Definitions - d

Darrieus

A Vertical Axis Wind Turbine design from the 1920s and 1930s by F.M. Darrieus, a French wind turbine designer.

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Daylighting

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Days Of Storage

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Debt-for-nature Swap

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Deciduous

Perennial plants whose leaves die all at once (and usually fall) at the end of each growing season, to be replaced by new leaves at the next growing season. Most deciduous plants are broad-leaved, though a few, such as Larix laricina (Tamarack), have needles. Plants whose leaves live year-round are evergreen.

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Decomposer

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Deep Cycle Battery

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Deep Discharge

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Deep Green

Someone who believes we need a radical transformation to a more sustainable society. Also, the belief environmental sustainability should have primacy over economic and social factors. Contrasts with light green and bright green.

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Degradability

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Delta

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Demand Response

Mechanisms to manage the demand from customers in response to supply conditions.

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Denitrification

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Density Dependence

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Desalination

 The conversion of salt or brackish water into usable fresh water. Distillation is the most common commercial method; heat from the Sun or conventional fuels vaporizes brine, the vapor condensing into fresh water on cooling. Reverse osmosis and electrodialysis both remove salt from water by the use of semipermeable membranes; these processes are more suitable for brackish water. Pure water crystals may also be separated from brine by freezing.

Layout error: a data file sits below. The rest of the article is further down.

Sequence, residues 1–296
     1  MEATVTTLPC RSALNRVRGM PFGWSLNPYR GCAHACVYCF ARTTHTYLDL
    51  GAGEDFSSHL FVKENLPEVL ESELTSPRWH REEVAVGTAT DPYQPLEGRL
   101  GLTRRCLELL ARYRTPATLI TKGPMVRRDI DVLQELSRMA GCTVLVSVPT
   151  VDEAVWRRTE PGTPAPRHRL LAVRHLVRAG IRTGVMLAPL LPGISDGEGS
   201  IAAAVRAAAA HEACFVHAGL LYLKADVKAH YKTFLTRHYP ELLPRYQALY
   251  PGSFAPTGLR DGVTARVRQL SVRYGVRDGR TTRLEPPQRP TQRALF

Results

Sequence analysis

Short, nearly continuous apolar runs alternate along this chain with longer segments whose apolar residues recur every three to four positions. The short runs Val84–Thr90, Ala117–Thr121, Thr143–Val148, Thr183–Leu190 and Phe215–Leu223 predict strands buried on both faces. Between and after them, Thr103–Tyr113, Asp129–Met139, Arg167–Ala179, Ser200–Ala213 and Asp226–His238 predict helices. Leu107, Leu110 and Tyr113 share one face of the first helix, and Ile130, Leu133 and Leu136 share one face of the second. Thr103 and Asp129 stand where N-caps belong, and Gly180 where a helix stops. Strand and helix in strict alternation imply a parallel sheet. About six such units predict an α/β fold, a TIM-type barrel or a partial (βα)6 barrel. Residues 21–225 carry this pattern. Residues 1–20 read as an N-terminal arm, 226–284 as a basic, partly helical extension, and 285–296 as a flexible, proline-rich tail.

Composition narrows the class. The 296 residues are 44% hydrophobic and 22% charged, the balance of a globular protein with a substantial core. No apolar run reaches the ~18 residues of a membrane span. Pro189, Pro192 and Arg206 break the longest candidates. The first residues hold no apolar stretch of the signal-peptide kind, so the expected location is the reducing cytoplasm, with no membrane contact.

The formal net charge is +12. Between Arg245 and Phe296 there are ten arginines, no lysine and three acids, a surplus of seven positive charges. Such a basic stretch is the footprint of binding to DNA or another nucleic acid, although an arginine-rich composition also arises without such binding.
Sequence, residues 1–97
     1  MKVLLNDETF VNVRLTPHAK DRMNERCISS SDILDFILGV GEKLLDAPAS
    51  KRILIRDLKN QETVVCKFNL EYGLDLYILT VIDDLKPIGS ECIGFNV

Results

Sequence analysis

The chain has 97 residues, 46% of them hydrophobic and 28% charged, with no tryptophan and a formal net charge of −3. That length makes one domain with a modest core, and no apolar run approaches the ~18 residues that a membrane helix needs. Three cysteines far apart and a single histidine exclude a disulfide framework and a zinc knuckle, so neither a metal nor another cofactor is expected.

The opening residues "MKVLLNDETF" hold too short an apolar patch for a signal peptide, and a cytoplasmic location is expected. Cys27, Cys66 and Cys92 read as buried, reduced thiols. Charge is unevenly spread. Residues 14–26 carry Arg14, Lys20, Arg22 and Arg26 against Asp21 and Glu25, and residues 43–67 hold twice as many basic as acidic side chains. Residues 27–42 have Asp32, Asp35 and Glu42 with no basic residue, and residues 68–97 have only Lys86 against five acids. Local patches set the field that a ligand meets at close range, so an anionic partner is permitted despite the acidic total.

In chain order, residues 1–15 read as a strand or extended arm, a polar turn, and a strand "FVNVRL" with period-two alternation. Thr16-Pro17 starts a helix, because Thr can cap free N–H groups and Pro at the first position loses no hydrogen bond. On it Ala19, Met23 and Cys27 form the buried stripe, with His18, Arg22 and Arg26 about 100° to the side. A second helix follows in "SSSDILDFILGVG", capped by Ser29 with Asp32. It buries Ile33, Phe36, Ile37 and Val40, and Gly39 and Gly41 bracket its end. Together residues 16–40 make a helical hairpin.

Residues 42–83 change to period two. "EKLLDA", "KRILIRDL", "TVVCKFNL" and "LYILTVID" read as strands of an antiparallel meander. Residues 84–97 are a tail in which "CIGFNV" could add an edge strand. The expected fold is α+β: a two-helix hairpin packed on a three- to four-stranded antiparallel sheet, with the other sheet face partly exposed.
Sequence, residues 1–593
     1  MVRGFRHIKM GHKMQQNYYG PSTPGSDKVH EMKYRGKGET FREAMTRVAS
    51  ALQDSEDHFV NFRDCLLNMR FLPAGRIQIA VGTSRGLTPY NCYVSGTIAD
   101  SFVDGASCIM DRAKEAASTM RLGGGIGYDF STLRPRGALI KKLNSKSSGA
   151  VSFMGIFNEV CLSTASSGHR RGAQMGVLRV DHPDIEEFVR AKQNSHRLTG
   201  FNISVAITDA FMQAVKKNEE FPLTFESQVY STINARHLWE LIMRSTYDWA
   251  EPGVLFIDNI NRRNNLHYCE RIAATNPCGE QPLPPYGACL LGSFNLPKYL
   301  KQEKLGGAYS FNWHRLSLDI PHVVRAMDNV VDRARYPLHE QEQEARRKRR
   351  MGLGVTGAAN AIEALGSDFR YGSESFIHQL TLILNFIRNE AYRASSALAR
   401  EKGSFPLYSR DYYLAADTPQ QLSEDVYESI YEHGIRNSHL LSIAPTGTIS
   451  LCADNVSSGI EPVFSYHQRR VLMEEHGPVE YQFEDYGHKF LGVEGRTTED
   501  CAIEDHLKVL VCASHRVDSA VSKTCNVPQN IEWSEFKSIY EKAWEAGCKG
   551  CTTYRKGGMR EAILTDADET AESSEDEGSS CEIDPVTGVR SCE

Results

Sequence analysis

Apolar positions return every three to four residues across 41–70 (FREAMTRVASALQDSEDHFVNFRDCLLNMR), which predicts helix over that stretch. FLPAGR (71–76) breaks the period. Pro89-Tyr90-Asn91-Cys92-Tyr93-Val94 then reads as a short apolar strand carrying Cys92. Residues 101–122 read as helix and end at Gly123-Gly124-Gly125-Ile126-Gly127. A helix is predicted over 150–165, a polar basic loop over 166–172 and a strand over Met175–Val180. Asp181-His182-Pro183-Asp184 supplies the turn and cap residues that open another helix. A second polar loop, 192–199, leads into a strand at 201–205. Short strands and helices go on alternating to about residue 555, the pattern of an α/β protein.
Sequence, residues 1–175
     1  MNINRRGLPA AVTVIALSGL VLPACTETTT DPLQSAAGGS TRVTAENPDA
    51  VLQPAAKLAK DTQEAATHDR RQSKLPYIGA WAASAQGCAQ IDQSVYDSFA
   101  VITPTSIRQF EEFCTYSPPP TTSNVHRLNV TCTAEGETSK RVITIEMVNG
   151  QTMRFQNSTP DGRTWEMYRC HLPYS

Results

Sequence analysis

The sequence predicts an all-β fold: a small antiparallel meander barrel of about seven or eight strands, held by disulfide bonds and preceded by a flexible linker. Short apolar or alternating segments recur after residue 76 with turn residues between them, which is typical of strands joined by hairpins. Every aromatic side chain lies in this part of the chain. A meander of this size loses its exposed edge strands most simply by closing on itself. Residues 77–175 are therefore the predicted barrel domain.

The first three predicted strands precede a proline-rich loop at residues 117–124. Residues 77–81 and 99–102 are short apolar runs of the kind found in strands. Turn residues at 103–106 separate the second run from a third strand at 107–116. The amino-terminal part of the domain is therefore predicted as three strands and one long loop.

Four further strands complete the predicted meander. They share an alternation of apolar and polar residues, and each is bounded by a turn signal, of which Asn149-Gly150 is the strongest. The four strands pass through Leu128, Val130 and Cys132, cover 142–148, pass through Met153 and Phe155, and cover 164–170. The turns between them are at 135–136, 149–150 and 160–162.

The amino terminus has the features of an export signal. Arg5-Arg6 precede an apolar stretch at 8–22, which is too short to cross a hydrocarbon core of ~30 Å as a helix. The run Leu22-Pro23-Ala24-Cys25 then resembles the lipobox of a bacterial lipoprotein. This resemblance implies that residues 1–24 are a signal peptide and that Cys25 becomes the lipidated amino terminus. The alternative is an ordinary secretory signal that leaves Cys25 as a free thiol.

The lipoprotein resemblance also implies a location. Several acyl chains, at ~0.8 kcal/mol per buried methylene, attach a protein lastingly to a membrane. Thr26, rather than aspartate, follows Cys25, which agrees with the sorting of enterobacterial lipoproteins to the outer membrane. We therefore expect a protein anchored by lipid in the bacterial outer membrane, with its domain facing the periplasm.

The biggest problem holding back the wider adoption of desalination techniques is that of how to meet the high energy costs of all such processes. Only where energy is relatively cheap and water particularly scarce is desalination economic, and even then complex energy conservation procedures must be built into the plant.

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Desertification

Conversion of rangeland, rain-fed cropland to desert-like land, with a drop in agricultural productivity of 10% or more. This is usually caused by a combination of overgrazing, soil erosion, prolonged drought, and climate change.

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Design Month

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Detritivore

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Dew Point

The dew point is the temperature to which a given parcel of humid air must be cooled, at constant barometric pressure, for water vapor to condense into water. The condensed water is called dew. The dew point is a saturation temperature.